SRJ Share Transfer

DEFINITIVE PROOF OF TRANSFER OF SHARES UNDER CAMA 2020

A company’s register of members (or share register) together with register of transfers are the definitive proofs or evidence of title to shares under CAMA 2020 (Companies and Allied Matters Act, 2020), whether by transfer or transmission of shares.

Under Companies and Allied Matters Act, 1990 (the “excised CAMA”), Corporate Affairs Commission (“CAC”) did permit filing of share transfer form or instrument of transfer under the Miscellaneous returns.

A practice that had no basis in law – it was neither prohibited or allowed. In fact, the excised CAMA was silent on whether instruments of share transfer form part of returns to be made to CAC.

CAMA 2020 allows a company’s board of directors the discretion to determine the type of instrument to be used for transfer of shares provided that any such instruments for transfer will include an electronic instrument of transfer – this means that the board of directors cannot exclude an e-transfer instrument, under CAMA 2020.

In practice, a simple share transfer form is generally utilized as a valid instrument of transfer of shares and, an electronically signed copy is operative and enforceable.

A company is prohibited from registering a transfer of shares in the absence of a share transfer instrument validly delivered to it by the transferor. This does not affect shares transmitted to another by operation of law, such as through a letter of probate or administration or by order of court that includes orders made in respect of bankruptcy or insolvency proceedings.

Even after a validly executed transfer instrument, a transferor of shares retains legal title to the shares until the transferee’s particulars are entered in the register of members. That is, after all the conditions are fulfilled. Such conditions may include satisfaction of preemptive rights or rights of first refusal.

By section 176, any such transfer of shares will also be registered in favour of the transferee, on the application of the transferor, in the register of transfer that recognizes an electronic register of transfer, as well.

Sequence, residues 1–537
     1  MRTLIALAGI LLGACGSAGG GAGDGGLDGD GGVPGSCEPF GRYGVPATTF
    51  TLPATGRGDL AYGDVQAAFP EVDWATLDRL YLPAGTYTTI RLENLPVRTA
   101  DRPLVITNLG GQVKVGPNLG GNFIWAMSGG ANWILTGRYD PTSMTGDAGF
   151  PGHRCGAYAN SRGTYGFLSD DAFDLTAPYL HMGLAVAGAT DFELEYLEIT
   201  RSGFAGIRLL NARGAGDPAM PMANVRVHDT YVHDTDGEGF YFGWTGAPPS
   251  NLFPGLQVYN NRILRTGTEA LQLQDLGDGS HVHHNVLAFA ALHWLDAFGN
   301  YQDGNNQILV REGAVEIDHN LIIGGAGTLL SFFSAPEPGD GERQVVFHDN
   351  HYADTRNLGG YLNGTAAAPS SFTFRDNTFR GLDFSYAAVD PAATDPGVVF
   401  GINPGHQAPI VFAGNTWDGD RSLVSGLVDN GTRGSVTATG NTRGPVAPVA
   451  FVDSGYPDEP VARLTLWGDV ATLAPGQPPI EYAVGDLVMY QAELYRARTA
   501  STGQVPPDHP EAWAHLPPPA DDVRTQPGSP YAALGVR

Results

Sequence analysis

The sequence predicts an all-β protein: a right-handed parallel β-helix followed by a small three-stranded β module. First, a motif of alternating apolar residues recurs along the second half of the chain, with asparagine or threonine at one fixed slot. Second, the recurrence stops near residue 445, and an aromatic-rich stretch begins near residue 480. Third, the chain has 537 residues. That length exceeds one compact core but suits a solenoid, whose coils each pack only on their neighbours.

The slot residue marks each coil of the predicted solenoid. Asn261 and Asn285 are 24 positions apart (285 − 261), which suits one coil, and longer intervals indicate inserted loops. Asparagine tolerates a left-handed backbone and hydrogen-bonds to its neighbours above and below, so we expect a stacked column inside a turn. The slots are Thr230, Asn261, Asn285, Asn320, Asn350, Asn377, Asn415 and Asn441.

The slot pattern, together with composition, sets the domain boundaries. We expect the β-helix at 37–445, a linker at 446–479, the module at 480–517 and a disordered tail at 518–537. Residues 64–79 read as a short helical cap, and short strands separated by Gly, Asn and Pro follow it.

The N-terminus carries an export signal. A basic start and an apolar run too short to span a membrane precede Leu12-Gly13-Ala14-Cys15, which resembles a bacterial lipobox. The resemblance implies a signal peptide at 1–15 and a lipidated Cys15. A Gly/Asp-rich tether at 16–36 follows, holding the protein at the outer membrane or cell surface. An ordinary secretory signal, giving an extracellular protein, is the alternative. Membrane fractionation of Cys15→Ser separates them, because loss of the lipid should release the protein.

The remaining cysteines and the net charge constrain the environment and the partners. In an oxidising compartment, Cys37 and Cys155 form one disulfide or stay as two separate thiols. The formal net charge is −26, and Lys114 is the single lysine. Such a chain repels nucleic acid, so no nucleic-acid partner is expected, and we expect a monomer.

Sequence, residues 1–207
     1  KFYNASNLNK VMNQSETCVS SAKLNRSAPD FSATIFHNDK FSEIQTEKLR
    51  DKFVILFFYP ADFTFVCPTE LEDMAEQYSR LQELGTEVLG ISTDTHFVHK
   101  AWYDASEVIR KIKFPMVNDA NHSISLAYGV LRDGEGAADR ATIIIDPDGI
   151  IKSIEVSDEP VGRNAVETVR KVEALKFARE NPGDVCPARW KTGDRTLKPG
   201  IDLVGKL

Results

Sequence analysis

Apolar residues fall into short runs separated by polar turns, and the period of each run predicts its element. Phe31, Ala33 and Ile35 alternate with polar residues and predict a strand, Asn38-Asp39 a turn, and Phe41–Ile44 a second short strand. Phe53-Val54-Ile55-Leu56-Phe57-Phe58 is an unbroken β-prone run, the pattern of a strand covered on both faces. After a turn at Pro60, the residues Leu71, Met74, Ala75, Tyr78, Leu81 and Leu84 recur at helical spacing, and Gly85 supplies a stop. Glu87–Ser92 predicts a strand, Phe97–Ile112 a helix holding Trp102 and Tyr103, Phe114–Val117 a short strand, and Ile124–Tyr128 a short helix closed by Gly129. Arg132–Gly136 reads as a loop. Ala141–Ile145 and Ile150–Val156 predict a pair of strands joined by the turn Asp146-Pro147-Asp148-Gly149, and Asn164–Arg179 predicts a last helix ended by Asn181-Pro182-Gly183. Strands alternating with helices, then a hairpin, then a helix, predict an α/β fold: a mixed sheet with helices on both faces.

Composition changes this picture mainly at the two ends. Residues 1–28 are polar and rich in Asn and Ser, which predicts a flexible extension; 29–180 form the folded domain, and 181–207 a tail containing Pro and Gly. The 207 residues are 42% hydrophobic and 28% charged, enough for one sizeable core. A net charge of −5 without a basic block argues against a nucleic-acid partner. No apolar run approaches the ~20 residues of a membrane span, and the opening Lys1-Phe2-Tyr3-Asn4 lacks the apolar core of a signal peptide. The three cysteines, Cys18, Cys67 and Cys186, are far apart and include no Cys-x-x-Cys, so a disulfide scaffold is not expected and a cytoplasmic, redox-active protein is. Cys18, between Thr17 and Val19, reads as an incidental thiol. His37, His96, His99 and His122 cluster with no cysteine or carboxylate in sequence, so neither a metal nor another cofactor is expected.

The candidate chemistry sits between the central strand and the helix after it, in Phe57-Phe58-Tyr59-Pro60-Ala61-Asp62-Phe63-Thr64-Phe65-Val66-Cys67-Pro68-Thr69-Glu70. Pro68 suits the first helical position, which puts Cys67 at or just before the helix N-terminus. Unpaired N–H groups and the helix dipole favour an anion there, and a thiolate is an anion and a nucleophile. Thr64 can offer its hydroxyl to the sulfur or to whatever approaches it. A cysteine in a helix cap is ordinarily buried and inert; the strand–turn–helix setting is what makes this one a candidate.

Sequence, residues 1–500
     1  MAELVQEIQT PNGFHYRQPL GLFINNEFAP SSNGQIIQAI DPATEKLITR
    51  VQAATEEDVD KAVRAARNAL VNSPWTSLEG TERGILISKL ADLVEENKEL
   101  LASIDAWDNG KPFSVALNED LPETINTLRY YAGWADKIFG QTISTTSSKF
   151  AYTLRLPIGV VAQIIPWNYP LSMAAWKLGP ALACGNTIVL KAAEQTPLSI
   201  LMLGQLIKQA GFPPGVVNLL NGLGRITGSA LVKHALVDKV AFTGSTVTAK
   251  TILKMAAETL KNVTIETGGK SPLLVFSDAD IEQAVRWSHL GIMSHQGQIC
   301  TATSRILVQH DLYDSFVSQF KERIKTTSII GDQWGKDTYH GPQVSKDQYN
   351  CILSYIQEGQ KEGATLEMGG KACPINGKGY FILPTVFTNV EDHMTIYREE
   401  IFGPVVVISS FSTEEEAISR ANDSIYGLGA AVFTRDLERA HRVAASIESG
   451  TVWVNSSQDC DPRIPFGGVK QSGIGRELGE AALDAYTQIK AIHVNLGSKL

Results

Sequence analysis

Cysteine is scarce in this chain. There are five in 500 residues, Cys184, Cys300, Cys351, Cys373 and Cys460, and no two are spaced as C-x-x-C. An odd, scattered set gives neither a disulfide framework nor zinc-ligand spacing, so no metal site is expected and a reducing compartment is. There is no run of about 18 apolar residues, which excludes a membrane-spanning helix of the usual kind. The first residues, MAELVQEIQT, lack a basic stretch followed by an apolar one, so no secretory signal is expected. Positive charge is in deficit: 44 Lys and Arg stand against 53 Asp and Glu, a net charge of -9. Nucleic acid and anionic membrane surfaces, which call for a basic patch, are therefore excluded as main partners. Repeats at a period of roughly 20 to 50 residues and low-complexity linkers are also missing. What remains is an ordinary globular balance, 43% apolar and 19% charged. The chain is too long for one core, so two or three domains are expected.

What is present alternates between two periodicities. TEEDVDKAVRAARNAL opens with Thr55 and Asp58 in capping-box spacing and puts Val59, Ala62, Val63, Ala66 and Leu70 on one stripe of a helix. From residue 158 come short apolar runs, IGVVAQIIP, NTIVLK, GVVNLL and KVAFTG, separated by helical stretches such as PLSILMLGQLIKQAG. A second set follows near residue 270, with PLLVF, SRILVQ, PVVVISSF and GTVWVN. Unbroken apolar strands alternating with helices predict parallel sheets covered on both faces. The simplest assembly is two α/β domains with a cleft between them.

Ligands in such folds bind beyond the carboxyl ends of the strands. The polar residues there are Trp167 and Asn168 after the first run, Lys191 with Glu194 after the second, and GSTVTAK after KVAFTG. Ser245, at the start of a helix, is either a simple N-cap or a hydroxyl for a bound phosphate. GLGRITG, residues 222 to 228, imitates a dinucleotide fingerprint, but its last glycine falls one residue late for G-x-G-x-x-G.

A company reserves the discretion not to register any transfer of shares provided that it notifies the transferor within 2 months from the date transferor submitted its request, for registration.

Otherwise the company and the officers will be liable to a NGN5000 fine as prescribed by CAC in its Company Regulation, 2021.

Grounds on which a company may decline to register transfer of shares include:

  • default in payment of prescribed fee for registration of transfer of shares;
  • instrument of transfer of shares is not accompanied by the certificate of shares to which it relates;
  • instrument of transfer of shares is in respect of more than one class of shares or such other evidence as the directors may reasonably require to show the right of the transferor to make the transfer.

Any transfer of shares by an administrator or executor of a deceased member of a company is as valid as if same where made by the deceased member while alive.

Transmission of shares relates to transfer of ownership of or in shares upon the death of a shareholder or one of the joint shareholders. In such circumstance, personal representatives may act or any other survivors in a joint ownership of shares.

Item (iii), page 23, CAC’s Operations Checklist, clearly prohibits filing of transfer or transmission of shares with CAC when it provides that “instruments of transfer of shares or transmission of shares shall not be accepted for registration. Such instruments should be registered in the company’s register of members and the information may be reflected in the company’s next annual return to the Commission.”

It suffices that in the next annual returns, specific details of transfer or transmission of shares are indicated in the Annual Returns form (CAC 19 or CAC form 19). Any such details to be indicated in CAC 19 include date of registration of transfer of shares in the register of members.

This assists in customary due diligence, however, the definitive proof of shareholding of any company in Nigeria is the register of members and, the register of transfer.

Published by Commercial Practice team, at SRJ.

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